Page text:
The End of the Age - A study of Matthew 24 - Part Three

The End of the Age - A STUDY OF MATTHEW 24 - Part Three


Dempsey Collins

Verse 16 - “then let those who are in Judea flee to the mountains” where there would be caves and other places of retreat.  “It is a remarkable but historical fact that Cestius Gallius, the Roman general, for some unknow reason, retired when they first marched against the city, suspended the siege, ceased the attack and withdrew his armies for an interval of time after the Romans had occupied the temple; thus, giving every believing Jew the opportunity to obey the Lord’s instruction to flee the city.  Josephus, the eye-witness, himself chronicles this fact and admitted his inability to account for the cessation of the fighting at the time after a siege had begun. And thus, it was left for Titus, the Roman general, to execute the siege, after the disciples left.” (Foy Wallace, God’s Prophetic Word, p. 252).

(The student should read Josephus Wars, Book II.6:7.  These events were also recorded by Eusebius History Eccles., lib. IIIc. 5, 6 and Epiphanius, who tells us that during this time, all who believed in Christ left the city and fled to Pella and other places beyond the Jordan so that no Christians perished in the siege.)

Verse 17 - “let him who is on the housetop not go down to get the things that are in the house.”  “The houses of the Jews, as well as those of the ancient Greeks and Romans, were flat-roofed and had stairs on the outside by which persons might ascend and descend without coming into the house.  In the Eastern walled cities, these flat-roofed houses usually formed continual terraces from one end of the city to the other, which terraces terminated at the gates. He, therefore, who is walking on the housetop, let him not come down to take anything out of his house, but let him instantly pursue his course along the tops of the houses and escape out at the city gate as fast as he can.” (Clarke, p. 818)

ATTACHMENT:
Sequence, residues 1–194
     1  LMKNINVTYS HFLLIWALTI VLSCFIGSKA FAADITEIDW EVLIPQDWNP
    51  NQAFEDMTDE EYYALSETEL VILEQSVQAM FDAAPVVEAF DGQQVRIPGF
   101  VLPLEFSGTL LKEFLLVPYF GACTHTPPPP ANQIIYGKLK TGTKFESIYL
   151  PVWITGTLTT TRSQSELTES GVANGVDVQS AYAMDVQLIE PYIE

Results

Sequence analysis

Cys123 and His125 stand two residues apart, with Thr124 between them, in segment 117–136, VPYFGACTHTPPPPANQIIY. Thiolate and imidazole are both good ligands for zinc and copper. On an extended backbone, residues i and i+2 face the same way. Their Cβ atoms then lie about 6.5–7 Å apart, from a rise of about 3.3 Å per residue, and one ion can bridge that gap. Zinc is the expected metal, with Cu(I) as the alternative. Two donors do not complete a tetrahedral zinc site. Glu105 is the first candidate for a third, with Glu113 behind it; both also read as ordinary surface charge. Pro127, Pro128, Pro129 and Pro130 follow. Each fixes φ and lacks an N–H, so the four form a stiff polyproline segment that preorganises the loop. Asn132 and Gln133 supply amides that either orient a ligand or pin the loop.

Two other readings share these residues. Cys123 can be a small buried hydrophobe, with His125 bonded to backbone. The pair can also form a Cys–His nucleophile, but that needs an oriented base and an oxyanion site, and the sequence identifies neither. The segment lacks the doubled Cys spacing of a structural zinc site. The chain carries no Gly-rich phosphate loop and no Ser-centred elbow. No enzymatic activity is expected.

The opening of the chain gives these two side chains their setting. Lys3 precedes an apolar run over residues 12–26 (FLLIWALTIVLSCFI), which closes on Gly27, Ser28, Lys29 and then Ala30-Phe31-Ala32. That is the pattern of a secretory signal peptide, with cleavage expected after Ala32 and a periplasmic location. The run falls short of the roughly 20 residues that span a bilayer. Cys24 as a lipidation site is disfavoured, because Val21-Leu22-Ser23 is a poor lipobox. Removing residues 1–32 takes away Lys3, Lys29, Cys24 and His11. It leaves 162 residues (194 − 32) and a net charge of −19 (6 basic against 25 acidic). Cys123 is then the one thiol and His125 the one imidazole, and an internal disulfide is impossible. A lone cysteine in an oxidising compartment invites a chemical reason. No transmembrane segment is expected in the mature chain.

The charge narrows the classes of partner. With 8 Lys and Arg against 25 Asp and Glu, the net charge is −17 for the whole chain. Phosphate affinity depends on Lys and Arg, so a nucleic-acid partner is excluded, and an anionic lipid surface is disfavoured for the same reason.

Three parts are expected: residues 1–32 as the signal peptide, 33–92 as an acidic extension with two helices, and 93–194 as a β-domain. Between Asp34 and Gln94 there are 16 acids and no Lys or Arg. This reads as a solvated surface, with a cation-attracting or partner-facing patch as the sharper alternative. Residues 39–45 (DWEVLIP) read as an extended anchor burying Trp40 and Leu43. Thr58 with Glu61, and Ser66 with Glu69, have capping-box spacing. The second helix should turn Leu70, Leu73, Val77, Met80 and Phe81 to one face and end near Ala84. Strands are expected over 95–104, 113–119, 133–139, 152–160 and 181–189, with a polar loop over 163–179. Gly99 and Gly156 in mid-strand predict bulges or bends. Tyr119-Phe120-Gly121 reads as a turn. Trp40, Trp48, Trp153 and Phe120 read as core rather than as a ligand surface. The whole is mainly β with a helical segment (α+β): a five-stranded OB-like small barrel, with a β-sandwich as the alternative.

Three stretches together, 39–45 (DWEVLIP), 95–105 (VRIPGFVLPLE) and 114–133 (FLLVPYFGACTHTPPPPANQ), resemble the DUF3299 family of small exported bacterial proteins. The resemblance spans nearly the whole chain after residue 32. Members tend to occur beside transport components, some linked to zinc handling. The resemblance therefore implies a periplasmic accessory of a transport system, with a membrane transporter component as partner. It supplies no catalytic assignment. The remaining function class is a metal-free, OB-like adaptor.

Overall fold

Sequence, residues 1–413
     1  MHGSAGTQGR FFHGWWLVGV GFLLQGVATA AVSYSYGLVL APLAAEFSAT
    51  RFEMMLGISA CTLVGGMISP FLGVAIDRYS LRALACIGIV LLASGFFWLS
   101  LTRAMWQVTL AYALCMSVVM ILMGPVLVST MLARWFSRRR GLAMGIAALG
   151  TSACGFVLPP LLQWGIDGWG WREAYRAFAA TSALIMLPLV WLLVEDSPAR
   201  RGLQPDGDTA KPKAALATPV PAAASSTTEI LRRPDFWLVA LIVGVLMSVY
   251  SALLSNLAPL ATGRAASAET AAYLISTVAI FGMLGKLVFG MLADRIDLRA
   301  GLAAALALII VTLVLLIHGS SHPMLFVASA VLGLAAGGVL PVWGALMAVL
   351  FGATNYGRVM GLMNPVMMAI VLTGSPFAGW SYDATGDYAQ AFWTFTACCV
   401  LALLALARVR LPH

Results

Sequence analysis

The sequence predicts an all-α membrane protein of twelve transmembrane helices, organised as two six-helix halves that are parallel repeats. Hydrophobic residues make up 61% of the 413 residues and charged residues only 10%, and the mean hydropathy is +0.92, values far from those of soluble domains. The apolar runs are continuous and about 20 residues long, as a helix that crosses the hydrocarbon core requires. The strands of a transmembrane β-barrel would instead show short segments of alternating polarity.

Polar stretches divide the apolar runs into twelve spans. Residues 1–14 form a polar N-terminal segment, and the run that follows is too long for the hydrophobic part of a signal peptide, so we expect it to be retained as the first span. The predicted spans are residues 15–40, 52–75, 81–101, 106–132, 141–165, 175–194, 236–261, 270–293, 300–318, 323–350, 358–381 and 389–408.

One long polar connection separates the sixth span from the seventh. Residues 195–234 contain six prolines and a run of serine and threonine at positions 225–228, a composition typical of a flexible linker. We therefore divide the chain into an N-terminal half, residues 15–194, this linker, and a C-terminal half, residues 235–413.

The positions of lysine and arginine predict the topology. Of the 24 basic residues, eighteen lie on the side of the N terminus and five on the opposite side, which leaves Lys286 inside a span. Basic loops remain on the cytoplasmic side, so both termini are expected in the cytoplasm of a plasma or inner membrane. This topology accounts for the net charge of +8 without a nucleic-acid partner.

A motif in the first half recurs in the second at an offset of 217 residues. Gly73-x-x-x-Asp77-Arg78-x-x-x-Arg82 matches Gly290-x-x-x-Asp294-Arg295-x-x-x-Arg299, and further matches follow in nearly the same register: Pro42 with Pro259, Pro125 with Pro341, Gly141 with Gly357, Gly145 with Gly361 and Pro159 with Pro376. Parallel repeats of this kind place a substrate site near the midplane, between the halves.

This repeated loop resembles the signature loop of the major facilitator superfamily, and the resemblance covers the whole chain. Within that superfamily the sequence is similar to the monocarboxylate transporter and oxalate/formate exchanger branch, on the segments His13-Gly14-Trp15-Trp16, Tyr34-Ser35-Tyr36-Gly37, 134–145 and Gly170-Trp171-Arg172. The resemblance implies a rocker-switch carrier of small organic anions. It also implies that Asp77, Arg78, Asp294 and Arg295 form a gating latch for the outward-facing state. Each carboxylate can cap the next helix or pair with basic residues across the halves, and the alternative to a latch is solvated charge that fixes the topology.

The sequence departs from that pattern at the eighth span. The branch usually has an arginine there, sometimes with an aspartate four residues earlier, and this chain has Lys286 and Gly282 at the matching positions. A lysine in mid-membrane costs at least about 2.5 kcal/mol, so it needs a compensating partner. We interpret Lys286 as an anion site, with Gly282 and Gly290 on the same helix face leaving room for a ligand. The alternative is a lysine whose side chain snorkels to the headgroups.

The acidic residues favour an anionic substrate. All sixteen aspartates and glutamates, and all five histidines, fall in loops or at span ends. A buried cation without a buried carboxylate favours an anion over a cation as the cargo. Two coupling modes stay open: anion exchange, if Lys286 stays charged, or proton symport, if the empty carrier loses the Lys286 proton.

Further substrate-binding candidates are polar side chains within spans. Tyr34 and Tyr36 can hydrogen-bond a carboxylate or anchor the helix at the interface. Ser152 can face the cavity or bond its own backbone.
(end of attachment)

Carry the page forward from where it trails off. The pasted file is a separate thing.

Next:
Verse 18 - “And let him who is in the field not turn back to get his cloak.”  A man’s garments are hardly worth his life.

There is no way these words can be fulfilled in anything but the literal destruction of a city.  In this context, the city of Jerusalem. What nonsense it would be for Christ to encourage people to flee from Him at His final coming.  Do Premillenialists actually think there would be time for one to go into his house and get his cloak? The words of Jesus are also meaningless for those who believe in the Rapture.  If this was some kind of Rapture, why flee to the mountains? The warnings of Matt. 24 are for Christians.  If the doctrine of the Rapture is true, saints will not need to flee for they will be taken into heaven!  The words of Jesus only have meaning when we consider them in light of the destruction of Jerusalem.

Matthew Poppa